The California Bar Journal recently published an article, written by Diane Curtis, on the correlation between the practice of law and depression. A study conducted by Johns Hopkins University found that lawyers suffer the highest rate of depression- 19% of lawyers suffer from depression, where only 3-9% of the general population suffers from depression.
The article mentions the "telltale signs" of depression among attorneys, as noted by a member of the Lawyer Assistance Program of the California State Bar. These signs are generally fatigue, low energy and a sense of being overwhelmed. He interestingly enough calls this depression a "creeping paralysis".
So why is it, then, that so many lawyers suffer depression? One would assume that lawyers would feel pride and a sense of accomplishment. I believe that this sense of pride is exactly what may trigger depression for some attorneys. We struggle so hard to achieve heights in our career with minimal rewards. The article calls the profession of law a "lonely profession" due to the adversarial nature of the work.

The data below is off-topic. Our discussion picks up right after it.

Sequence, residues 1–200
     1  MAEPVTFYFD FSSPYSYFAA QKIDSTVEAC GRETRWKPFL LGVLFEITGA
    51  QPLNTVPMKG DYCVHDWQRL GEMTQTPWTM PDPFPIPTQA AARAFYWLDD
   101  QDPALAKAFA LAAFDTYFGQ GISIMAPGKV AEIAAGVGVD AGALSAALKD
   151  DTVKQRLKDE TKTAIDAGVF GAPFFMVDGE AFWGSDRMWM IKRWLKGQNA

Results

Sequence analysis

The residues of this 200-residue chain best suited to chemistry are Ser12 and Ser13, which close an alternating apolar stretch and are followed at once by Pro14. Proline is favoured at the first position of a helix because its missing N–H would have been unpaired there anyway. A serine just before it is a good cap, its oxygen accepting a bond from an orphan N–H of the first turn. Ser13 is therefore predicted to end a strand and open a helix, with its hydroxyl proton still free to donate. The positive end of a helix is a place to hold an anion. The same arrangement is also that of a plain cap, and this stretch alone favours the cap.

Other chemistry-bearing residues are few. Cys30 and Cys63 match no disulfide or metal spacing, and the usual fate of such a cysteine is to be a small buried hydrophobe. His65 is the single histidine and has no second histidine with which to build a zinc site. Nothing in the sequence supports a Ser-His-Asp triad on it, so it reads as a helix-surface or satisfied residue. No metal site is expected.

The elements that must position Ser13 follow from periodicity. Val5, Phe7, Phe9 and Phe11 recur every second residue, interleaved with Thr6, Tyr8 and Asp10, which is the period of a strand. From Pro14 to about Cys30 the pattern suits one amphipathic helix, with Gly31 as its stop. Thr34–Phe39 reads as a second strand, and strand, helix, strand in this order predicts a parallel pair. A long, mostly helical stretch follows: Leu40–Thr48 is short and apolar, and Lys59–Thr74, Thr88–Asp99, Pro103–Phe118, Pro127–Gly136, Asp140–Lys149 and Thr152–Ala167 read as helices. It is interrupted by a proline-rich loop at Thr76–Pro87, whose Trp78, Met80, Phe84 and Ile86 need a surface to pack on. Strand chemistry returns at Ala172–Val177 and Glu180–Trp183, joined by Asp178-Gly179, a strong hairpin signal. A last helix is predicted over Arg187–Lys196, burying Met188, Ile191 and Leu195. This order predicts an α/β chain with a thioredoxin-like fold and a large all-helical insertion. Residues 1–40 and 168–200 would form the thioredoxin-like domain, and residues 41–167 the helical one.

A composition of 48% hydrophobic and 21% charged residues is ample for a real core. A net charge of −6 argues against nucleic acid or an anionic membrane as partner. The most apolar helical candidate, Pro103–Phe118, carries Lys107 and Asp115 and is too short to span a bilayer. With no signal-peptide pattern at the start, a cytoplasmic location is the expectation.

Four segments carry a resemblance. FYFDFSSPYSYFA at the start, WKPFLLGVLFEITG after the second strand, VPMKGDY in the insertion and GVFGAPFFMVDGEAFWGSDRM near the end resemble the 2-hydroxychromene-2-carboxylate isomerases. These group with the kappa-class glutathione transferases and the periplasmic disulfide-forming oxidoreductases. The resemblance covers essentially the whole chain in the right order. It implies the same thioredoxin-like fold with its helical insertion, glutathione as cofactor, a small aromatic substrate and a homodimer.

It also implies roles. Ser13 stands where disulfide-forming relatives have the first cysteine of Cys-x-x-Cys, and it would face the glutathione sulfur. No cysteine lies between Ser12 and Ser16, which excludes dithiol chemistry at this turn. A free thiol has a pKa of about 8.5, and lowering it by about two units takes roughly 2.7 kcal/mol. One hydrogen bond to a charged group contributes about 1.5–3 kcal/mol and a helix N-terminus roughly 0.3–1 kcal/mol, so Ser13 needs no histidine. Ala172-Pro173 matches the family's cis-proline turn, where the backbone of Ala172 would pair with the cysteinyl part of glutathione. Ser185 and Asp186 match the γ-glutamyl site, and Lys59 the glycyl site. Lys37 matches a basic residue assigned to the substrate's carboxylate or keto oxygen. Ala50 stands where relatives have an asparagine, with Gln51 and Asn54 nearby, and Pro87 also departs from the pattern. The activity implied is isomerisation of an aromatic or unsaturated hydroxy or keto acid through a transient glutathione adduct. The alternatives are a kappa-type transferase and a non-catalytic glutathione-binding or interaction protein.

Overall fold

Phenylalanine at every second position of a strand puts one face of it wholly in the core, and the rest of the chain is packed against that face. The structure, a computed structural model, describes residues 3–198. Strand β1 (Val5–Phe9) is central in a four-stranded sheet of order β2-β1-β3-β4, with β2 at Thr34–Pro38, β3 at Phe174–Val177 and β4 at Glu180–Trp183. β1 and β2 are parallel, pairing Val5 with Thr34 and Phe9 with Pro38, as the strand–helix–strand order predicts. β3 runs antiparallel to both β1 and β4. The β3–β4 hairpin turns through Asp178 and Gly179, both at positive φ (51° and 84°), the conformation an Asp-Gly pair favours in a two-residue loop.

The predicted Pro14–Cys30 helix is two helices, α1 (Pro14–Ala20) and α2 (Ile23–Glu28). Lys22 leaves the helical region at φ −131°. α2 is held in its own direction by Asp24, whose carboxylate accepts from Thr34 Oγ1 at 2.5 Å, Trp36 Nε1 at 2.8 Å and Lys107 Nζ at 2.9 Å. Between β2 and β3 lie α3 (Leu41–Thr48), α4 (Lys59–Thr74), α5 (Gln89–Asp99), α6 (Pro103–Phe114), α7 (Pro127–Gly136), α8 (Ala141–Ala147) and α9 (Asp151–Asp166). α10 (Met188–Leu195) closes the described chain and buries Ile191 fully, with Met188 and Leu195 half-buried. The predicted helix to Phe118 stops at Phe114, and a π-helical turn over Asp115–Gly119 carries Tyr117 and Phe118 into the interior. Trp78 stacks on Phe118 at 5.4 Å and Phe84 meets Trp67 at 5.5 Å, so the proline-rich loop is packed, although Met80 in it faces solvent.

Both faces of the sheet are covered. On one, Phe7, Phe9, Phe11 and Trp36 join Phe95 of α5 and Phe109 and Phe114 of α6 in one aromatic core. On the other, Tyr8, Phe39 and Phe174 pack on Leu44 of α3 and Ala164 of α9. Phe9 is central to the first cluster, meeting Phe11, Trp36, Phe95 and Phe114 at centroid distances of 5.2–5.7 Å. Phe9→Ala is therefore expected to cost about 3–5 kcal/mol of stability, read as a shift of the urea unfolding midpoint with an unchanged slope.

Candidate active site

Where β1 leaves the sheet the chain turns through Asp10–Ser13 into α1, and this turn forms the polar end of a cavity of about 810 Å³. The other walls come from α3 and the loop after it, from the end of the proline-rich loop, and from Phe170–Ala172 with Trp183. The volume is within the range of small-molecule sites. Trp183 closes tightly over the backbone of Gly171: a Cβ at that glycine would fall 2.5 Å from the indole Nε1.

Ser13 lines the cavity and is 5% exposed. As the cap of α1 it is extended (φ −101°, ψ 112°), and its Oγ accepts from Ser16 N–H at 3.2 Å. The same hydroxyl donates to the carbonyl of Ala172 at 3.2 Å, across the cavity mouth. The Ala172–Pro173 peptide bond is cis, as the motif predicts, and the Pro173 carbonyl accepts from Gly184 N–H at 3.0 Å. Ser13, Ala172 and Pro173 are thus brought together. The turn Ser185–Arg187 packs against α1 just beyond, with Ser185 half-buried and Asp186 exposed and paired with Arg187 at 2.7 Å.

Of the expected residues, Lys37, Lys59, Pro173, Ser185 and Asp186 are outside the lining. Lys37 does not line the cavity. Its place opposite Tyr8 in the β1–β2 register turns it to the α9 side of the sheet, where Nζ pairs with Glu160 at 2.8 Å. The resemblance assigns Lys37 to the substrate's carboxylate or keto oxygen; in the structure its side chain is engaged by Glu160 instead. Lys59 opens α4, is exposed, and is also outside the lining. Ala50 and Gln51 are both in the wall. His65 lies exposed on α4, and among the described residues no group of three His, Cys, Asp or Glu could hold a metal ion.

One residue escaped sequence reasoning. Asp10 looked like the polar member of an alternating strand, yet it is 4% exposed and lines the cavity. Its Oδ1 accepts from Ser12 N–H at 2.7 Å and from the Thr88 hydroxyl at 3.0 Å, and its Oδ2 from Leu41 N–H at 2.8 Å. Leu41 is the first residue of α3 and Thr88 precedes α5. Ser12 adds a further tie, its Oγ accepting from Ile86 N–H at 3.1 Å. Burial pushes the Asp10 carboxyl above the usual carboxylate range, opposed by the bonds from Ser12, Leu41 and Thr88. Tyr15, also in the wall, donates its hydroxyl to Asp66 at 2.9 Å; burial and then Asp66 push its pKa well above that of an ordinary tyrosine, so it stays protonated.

Perhaps we need to change the nature of our practice. Perhaps we need to look into the way we practice and figure out what makes us happy. I've met plenty of people who are dissatisfied with the profession of law and I've also met plenty of people who are very satisfied with their career choice. I've noticed that the ones who are more satisfied are ones who have work-life balance and mostly, ones who run their own practices.
So, how do we acheive career satisfaction?